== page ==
The History of the Butter Lamb

By Charlie Fashana

Published on | Last Updated

Lent and Easter are full of seasonal foods. Chocolate bunnies and marshmallow chicks are the likely conversation starters nationwide, but here in Buffalo you can’t make it through a conversation without including the famous butter lamb.

A display case showing an assortment of butter lambs at Malczewski's, a popular shop in Buffalo.

With every unique eat or holiday custom you hear about in Western New York – from the “angel wings” chrusciki to the post-Lenten bash, Dyngus Day – just about every one of them stems from European culture and is faith-based. Most people don’t consider the religious symbolism behind the popular foods they eat every spring – be it pork (a “forbidden” food) or bread or eggs (signs of new life) – they just know it’s all good!

And for the cute little creamy butter lamb, the same rings true, especially around Easter.

What is a butter lamb?

The butter lamb is a small (or sometimes large) sculpture of a lamb made from butter, typically decorated with a red ribbon around its neck and a blessing on its back. The butter is sculpted into the shape of a lamb using a mold, and then the details, such as peppercorn eyes, are added by hand. It’s typically served as a centerpiece on the Easter table or given as a gift to friends and family.

But what’s even more impressive is the skill required to make these butter lambs. The art of butter sculpting is a time-honored tradition in Buffalo and has been passed down through generations.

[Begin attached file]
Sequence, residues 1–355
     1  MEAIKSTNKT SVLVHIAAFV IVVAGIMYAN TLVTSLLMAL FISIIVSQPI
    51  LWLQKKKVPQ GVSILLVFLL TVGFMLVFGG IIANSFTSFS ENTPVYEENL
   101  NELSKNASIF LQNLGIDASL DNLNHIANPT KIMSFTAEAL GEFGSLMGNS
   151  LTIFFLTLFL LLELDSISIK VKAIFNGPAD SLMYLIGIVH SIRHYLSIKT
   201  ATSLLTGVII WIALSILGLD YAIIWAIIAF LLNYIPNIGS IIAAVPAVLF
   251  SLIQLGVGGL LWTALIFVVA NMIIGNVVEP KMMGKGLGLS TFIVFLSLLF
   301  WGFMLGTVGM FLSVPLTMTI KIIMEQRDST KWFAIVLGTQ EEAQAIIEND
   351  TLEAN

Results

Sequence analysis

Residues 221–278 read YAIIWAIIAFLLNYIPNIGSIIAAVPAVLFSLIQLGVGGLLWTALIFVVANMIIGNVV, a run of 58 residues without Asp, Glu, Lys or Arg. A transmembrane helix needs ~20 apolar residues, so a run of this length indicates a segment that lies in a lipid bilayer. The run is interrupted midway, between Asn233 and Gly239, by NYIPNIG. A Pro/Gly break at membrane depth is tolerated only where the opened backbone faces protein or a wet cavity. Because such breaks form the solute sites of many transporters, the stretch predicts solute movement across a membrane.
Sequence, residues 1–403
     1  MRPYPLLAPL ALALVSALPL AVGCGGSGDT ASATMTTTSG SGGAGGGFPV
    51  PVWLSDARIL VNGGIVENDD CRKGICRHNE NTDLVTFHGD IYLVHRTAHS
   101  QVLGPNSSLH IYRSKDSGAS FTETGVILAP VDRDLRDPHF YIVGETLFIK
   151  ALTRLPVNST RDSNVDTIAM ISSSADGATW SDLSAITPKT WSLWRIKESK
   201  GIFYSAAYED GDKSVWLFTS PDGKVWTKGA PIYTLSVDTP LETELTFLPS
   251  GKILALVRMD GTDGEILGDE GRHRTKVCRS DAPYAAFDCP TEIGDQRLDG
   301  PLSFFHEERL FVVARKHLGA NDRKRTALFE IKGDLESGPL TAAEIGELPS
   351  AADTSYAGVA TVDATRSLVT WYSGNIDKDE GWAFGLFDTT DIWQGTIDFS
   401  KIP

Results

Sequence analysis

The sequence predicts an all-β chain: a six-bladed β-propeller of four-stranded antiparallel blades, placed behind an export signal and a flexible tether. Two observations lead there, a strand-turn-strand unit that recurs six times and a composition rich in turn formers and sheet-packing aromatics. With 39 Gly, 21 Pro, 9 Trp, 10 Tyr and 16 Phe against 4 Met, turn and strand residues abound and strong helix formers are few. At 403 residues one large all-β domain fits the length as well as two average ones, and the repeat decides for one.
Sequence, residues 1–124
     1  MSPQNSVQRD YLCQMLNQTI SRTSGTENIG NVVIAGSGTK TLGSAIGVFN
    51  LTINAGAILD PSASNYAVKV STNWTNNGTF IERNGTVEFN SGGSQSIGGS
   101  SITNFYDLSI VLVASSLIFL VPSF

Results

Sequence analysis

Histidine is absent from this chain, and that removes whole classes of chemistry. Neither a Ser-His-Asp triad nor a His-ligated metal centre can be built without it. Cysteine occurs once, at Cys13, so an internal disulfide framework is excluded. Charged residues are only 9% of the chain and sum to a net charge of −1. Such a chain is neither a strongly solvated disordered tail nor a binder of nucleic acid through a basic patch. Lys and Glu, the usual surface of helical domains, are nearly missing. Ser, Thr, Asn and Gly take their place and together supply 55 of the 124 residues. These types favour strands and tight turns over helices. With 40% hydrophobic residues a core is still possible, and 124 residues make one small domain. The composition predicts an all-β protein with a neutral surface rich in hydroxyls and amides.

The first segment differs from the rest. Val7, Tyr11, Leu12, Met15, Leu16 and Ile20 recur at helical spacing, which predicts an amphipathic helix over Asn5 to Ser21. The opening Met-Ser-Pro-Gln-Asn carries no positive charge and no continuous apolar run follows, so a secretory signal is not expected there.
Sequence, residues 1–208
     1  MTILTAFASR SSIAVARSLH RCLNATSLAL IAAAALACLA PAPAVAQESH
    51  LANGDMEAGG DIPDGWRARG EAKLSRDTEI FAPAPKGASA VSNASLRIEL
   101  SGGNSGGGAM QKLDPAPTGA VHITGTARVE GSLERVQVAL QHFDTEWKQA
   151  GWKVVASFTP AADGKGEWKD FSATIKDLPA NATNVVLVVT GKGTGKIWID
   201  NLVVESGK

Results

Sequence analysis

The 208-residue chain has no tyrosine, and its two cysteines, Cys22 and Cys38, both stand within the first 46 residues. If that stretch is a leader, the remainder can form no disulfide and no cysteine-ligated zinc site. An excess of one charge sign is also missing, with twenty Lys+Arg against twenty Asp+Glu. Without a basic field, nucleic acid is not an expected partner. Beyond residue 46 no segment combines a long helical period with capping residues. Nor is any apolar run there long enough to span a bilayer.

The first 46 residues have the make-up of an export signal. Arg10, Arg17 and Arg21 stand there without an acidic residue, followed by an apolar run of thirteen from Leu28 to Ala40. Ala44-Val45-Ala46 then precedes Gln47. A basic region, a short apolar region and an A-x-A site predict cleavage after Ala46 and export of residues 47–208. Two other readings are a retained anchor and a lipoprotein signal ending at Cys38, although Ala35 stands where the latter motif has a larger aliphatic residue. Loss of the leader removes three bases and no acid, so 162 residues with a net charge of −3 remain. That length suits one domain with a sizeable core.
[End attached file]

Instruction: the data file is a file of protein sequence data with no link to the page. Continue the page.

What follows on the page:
Where did the butter lamb originate?

A sign displaying a butter lamb with a red ribbon at Malczewski's, a popular Buffalo shop.

This beloved Easter tradition has been a part of Buffalo’s culture for nearly 150 years, and the butter lamb origins can be traced back to the Polish immigrants who settled in Buffalo in the late 1800s. In Poland, the butter lamb is known as “Baranek wielkanocny” and has been a part of the Easter celebration for centuries, with other variations appearing throughout eastern and central Europe. When Polish immigrants came to Buffalo, they brought this tradition with them and it quickly became a staple in the local community.

What is the meaning of the butter lamb?

The butter lamb holds a significant meaning during Easter as the lamb represents Jesus as the Lamb of God. The butter lamb even has ties to Passover and the exodus of the Jews from slavery. During this time, the blood of a sacrificial lamb was placed at their door so the angel of death would pass over their firstborn. Catholics refer to Jesus and His sacrifice as the Lamb of God.

For these reasons, today the butter lamb often wears a red ribbon around the neck, representing the blood of Christ, and a cross or a banner with a blessing such as “Alleluia” on its back.

Why is the lamb made out of butter?

So why is a butter lamb made out of butter? Simple: To eat! Butter is an ingredient in just about everything so we can pin the idea on necessity and flavor.

Why does Buffalo love the butter lamb?

As a Buffalo Easter tradition passed down through generations, the Broadway Market has been the butter lamb headquarters for many decades. And Malczewski’s stand within the market (Malla-cheski’s) is where the Buffalo butter lamb got its start. But thankfully, if you aren’t able to make it to the East Buffalo market, most of the major grocers in the area carry their own versions of the butter lamb. We’ve even heard of places outside of New York, where many Buffalo ex-pats reside, that make that continue to make the butter lamb a proud Easter tradition, like in Milwaukee, WI. Plus, butter lambs are adorable. Honestly, what isn’t there to love?

How can you make a butter lamb?

Looking to make a butter lamb at home this year? If you’re feeling a bit artistic, or if you’re more of a DIY person, you could even make your own butter lamb this Easter season. There are how-to videos such as the video above thanks to Buffalo’s very own St. Casamir Church, or you can buy a mold online – Small Lamb Wooden Butter Mold.

Happy Easter, happy spring, and enjoy your butter lamb!

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Charlie Fashana

At work I'm part artist, part scientist. At home I'm part husband, part dad. Here and always, I'm all Buffalo.